Solemnity of the Transfiguration of the Lord.

Dear sisters and brothers in Christ,

This Sunday we celebrate the solemnity of the Transfiguration of the Lord. It is a feast of the Lord which we celebrate every year on August 6. Since this year it falls on a Sunday, it takes precedence in the liturgical calendar of the Church.

On August 6, 1978, Blessed Pope Paul VI died in Rome. He was a man of deep spirituality to whom the Lord entrusted the responsibility to lead his Church during the deliberations of the Second Vatican Council. During the pontificate of Paul VI, the Church continued resolutely down the path of dialogue with modernity, following the course set by his predecessors, embraced by the Council and continued with the same courage by his successors down to Pope Francis.

Paul VI occupied the see of Peter during very turbulent times in the history of the world. He had to prophetically defend the truth about the human person in the midst of criticism from without and within the Church. It is very noteworthy that in the face of so many difficulties, suffering from many ailments and sickness, suffering personally because of the assassination of old friends from his youth at the hands of communists he published during the holy year of 1975 an apostolic exhortation with a call to Christian joy.

“The invitation given by God the Father to share fully in the joy of Abraham, in the everlasting feast of the nuptials of the Lamb, is a universal convocation. Everyone, provided he makes himself attentive and available, can perceive this invitation in the depths of his heart, especially in this Holy Year when the Church opens more abundantly to all the riches of God’s mercy. “The promise that was made is for you and your children, and for all those who are far away, for all those whom the Lord our God will call to himself.”

We cannot think of the People of God in an abstract way. Our gaze rests first of all on the world of children. As long as they find in the love of those close to them the security which they need, they have a capacity for welcoming, for wonderment, for confidence and for spontaneous giving. They are apt subjects for Gospel joy. Whoever wishes to enter the kingdom of heaven, Jesus tells us, must first study children.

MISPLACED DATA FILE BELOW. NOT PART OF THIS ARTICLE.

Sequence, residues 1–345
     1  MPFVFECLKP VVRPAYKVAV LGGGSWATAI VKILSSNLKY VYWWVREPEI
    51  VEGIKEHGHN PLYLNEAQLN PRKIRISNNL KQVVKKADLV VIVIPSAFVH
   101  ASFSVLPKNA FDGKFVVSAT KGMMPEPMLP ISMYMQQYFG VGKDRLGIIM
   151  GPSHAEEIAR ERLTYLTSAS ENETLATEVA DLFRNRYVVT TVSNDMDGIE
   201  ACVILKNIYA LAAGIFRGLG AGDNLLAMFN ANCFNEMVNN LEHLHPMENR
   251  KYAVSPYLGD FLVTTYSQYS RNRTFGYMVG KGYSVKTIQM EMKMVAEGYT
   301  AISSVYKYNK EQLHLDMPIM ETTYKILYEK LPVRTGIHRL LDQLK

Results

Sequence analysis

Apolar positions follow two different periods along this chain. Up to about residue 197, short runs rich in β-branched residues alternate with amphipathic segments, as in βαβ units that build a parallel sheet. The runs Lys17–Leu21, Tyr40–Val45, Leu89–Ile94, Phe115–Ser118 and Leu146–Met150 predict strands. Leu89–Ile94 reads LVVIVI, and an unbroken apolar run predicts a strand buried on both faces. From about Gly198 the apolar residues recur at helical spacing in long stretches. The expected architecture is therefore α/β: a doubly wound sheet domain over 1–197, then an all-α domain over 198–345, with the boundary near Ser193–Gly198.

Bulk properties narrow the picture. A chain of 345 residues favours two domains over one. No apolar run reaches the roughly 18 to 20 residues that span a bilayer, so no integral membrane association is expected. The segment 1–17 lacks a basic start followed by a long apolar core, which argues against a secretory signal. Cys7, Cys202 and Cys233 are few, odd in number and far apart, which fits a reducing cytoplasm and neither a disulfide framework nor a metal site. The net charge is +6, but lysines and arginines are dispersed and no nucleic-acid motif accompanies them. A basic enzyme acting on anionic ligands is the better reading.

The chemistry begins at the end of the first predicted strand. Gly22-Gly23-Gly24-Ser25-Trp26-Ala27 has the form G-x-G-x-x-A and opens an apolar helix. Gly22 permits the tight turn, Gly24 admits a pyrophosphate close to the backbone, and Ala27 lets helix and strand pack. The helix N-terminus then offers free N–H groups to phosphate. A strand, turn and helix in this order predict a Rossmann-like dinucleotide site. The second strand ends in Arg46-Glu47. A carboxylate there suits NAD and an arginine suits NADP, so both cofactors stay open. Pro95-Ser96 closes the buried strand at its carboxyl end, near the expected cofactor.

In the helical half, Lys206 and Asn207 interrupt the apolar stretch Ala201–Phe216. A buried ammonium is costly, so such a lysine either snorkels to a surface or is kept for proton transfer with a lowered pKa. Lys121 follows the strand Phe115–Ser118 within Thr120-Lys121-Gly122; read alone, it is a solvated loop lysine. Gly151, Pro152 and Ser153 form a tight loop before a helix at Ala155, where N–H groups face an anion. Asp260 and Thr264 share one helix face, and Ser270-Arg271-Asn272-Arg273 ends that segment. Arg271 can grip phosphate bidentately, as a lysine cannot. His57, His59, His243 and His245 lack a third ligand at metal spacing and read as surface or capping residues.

We include also all those who are deeply involved in family, professional and social responsibility. The burden of their charges, in a fast-moving world, too often prevents them from enjoying daily joys. Nevertheless such joys do exist. The Holy Spirit wants to help these people rediscover these joys, to purify them, to share them.

We think of the world of the suffering, we think of all those who have reached the evening of their lives. God’s joy is knocking at the door of their physical and moral sufferings, not indeed with irony, but to achieve therein His paradoxical work of transfiguration.

Our heart and mind turn also to all those who live beyond the visible sphere of the People of God. By bringing their lives into harmony with the innermost appeal of their conscience, which is the echo of God’s voice, they are on the road to joy…

Yes, it is the immense love of God which is summoning towards the heavenly City those who are coming in this Holy Year from the different points of the compass, whether they be near or still far off. And because all those who are summoned—all of us in fact—remain to some extent sinners, we must today cease to harden our hearts, in order to listen to the voice of the Lord and accept the offer of the great pardon, as Jeremiah announced it: “I will cleanse them of every sin they have committed against me; the sins by which they offended me and apostatized from me, all these I will forgive. And Jerusalem shall be my theme of joy, my honor and my boast before all the nations of the earth.” And just as this promise of pardon, and many others, find their definite meaning in the redeeming sacrifice of Jesus, the Suffering Servant, it is He, and He alone, who can say to us, in this crucial moment of mankind’s life: “Repent, and believe the Good News.” The Lord wishes above all to make us understand that the conversion demanded of us is in no way a backward step, as sin is. It is rather a setting out, an advancement in true freedom and in joy. It is the response to an invitation coming from Him—an invitation that is loving, respectful and pressing at the same time: “Come to me, all you who labor and are overburdened, and I will give you rest. Shoulder my yoke and learn from me, for I am gentle and humble in heart, and you will find rest for your souls!”

In fact, what burden is more crushing than that of sin? What distress more lonely than that of the prodigal son, described by the evangelist Saint Luke? On the other hand, what meeting is more overwhelming than that of the Father, patient and merciful, and the son returned to life? “There will be more rejoicing in heaven over one repentant sinner than over ninety-nine virtuous men who have no need of repentance.” And who is without sin, apart from Christ and His Immaculate Mother? Thus, by its invitation to return to the Father by repentance, the Holy Year—a promise of jubilation for all the people—is also a call to rediscover the meaning and the practice of the sacrament of Reconciliation. Following the line of the best spiritual tradition, we remind the faithful and their pastors that the confessing of grave sins is necessary and that frequent confession remains a privileged source of holiness, peace and joy.”

Fr. Roberto M. Cid